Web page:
CHARLESTON, WVA - While Shannon Kelly awaits the results of his West Virginia
bar examination, the Board of Law Examiners seeks to dismiss a federal lawsuit
claiming they didn't accommodate his learning disability.
In an Aug. 8 answer to the suit, John Hedges of Morgantown argued that the
examiners didn't have to state their reasons for denying his accommodation
No formal appeals process exists for disability accommodations, Hedges wrote,
and rules of admission to the West Virginia Bar do not require a hearing.
Kelly sought twice as much time as others planning to take the test in July, and
he sued the law examiners in federal court at Charleston after they granted time
and a half.
U.S. District Judge David Faber denied double time prior to the exam.
Kelly failed the test last year, after the examiners trimmed his request from
double time to time and a half.
The examiners also sought to accommodate Kelly, last year and this year, by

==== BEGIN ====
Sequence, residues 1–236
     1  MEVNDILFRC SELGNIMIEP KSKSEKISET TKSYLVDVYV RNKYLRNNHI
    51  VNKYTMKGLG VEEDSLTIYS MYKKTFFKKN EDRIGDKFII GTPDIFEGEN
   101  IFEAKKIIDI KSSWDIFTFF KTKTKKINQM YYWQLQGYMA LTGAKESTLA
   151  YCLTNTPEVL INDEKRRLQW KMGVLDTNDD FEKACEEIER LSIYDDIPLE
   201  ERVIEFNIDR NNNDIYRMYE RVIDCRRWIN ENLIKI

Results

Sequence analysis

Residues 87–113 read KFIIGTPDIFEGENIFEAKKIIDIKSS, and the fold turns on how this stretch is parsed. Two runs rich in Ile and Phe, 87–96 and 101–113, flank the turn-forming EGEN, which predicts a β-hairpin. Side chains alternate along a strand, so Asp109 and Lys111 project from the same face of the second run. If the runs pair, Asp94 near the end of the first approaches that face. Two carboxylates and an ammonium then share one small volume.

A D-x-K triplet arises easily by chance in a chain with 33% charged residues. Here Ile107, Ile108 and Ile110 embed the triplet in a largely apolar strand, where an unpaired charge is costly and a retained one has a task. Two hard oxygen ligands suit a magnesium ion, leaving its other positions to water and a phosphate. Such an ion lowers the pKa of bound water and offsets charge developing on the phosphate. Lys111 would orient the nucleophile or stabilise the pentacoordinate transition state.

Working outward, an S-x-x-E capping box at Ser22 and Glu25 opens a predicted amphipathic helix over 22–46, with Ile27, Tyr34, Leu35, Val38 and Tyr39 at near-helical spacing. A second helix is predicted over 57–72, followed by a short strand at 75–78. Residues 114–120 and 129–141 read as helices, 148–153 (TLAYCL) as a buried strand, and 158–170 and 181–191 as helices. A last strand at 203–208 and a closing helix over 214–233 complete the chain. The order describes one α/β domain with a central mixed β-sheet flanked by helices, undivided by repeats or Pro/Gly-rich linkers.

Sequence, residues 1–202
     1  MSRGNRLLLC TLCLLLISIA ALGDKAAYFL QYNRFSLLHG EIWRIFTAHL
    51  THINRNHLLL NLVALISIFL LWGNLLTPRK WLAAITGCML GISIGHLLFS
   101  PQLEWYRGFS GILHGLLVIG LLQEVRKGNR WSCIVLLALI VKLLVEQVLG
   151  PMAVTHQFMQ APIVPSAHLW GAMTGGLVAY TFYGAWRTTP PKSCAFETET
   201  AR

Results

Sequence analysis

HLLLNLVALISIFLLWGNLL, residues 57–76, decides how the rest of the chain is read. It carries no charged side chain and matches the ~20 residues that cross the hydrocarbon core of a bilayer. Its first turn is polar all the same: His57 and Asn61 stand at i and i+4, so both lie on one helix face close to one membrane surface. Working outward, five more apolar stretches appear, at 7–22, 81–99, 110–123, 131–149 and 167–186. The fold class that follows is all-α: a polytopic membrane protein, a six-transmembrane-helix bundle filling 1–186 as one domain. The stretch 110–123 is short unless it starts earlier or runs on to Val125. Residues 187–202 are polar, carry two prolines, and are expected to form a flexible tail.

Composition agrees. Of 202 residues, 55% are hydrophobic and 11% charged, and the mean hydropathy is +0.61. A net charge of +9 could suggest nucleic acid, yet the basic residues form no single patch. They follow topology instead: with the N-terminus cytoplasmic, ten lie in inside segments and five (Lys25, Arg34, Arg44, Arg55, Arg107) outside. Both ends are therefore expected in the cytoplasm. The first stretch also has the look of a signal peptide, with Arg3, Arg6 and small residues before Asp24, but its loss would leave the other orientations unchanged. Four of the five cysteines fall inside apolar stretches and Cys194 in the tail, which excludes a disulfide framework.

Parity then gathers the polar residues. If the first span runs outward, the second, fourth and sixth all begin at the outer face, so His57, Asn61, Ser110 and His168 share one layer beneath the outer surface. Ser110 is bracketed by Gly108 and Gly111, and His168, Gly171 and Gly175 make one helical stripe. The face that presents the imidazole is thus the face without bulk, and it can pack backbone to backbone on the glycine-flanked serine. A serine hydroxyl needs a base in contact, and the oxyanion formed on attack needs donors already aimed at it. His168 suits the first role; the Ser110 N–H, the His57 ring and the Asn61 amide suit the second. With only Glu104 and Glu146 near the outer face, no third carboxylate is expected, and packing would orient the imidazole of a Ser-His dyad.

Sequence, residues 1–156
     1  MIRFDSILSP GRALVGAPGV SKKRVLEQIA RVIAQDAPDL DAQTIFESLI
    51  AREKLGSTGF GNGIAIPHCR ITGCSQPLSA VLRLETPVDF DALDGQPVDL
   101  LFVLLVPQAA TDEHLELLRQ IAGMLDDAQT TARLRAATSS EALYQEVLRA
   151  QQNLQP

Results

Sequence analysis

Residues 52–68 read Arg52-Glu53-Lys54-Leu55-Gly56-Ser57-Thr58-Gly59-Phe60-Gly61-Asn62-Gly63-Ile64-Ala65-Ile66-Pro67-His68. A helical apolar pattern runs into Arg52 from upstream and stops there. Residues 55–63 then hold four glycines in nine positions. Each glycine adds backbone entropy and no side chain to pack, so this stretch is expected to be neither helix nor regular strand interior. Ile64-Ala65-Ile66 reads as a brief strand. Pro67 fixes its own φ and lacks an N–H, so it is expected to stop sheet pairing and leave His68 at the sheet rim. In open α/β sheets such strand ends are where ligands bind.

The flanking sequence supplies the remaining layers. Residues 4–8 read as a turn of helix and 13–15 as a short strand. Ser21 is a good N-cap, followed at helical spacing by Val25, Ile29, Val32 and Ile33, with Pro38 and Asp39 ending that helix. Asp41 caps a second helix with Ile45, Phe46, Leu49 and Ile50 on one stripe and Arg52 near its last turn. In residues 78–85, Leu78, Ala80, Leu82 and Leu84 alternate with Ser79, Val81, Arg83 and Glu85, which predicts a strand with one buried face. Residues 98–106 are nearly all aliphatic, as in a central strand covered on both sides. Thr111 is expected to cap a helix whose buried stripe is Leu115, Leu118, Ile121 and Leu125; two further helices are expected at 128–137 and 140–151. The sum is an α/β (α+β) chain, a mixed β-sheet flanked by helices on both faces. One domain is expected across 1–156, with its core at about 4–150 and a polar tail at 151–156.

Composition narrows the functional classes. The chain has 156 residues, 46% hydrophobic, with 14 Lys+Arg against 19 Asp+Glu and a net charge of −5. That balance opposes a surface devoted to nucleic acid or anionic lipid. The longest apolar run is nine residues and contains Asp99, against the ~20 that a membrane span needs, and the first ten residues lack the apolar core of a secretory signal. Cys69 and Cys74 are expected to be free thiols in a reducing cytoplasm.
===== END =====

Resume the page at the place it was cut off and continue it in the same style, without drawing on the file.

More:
printing questions in 18-point type and giving him a room to himself.
Those accommodations don't satisfy the Americans With Disabilities Act,
according to his attorneys, Edward McDevitt and Kristin Shaffer of Bowles Rice
"The board has made insubstantial efforts to elucidate the scope and
meaning of the ADA only at the urging of the petitioner and this court,"
McDevitt wrote. "Indeed, petitioner is essentially paying for the education
of the board as to the implications of the ADA."
According to McDevitt, Kelly has "severe deficits in processing speed,
cognitive fluency and rapid naming."
"With each day that passes, petitioner loses professional opportunities
which he can never regain," he wrote. "His ability to practice law is
at stake, after he has invested enormous, time, money and energy to reach the
threshold of the profession at the age of 32."
He identified Kelly as a resident of Lester in Raleigh County, though
correspondence in the court file shows his address in Orlando, Fla.
Kelly graduated from Concord University in Athens, W.Va., and from Barry
University School of Law.